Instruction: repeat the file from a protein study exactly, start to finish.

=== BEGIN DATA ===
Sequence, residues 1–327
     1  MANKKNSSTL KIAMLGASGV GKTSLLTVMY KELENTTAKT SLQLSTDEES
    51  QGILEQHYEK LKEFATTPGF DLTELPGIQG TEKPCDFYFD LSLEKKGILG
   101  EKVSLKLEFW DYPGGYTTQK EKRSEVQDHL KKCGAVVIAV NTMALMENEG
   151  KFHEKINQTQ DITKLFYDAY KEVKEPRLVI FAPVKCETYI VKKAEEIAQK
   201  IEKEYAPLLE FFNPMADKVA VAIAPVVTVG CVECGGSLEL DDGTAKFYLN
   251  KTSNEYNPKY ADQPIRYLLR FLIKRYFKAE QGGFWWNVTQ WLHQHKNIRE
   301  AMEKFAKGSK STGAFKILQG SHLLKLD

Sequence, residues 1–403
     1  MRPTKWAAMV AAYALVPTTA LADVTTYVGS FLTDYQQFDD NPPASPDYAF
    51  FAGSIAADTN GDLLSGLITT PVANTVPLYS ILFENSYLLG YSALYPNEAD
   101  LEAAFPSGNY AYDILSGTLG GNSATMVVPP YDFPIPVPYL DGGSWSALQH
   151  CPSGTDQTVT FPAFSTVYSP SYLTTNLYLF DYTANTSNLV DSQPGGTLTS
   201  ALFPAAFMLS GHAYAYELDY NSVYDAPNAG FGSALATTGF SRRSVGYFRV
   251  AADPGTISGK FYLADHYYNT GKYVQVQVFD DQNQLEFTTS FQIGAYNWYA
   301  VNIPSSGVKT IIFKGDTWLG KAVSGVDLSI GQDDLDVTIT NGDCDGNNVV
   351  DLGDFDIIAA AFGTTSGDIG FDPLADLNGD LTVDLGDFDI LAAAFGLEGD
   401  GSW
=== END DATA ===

Sequence, residues 1–327
     1  MANKKNSSTL KIAMLGASGV GKTSLLTVMY KELENTTAKT SLQLSTDEES
    51  QGILEQHYEK LKEFATTPGF DLTELPGIQG TEKPCDFYFD LSLEKKGILG
   101  EKVSLKLEFW DYPGGYTTQK EKRSEVQDHL KKCGAVVIAV NTMALMENEG
   151  KFHEKINQTQ DITKLFYDAY KEVKEPRLVI FAPVKCETYI VKKAEEIAQK
   201  IEKEYAPLLE FFNPMADKVA VAIAPVVTVG CVECGGSLEL DDGTAKFYLN
   251  KTSNEYNPKY ADQPIRYLLR FLIKRYFKAE QGGFWWNVTQ WLHQHKNIRE
   301  AMEKFAKGSK STGAFKILQG SHLLKLD

Sequence, residues 1–403
     1  MRPTKWAAMV AAYALVPTTA LADVTTYVGS FLTDYQQFDD NPPASPDYAF
    51  FAGSIAADTN GDLLSGLITT PVANTVPLYS ILFENSYLLG YSALYPNEAD
   101  LEAAFPSGNY AYDILSGTLG GNSATMVVPP YDFPIPVPYL DGGSWSALQH
   151  CPSGTDQTVT FPAFSTVYSP SYLTTNLYLF DYTANTSNLV DSQPGGTLTS
   201  ALFPAAFMLS GHAYAYELDY NSVYDAPNAG FGSALATTGF SRRSVGYFRV
   251  AADPGTISGK FYLADHYYNT GKYVQVQVFD DQNQLEFTTS FQIGAYNWYA
   301  VNIPSSGVKT IIFKGDTWLG KAVSGVDLSI GQDDLDVTIT NGDCDGNNVV
   351  DLGDFDIIAA AFGTTSGDIG FDPLADLNGD LTVDLGDFDI LAAAFGLEGD
   401  GSW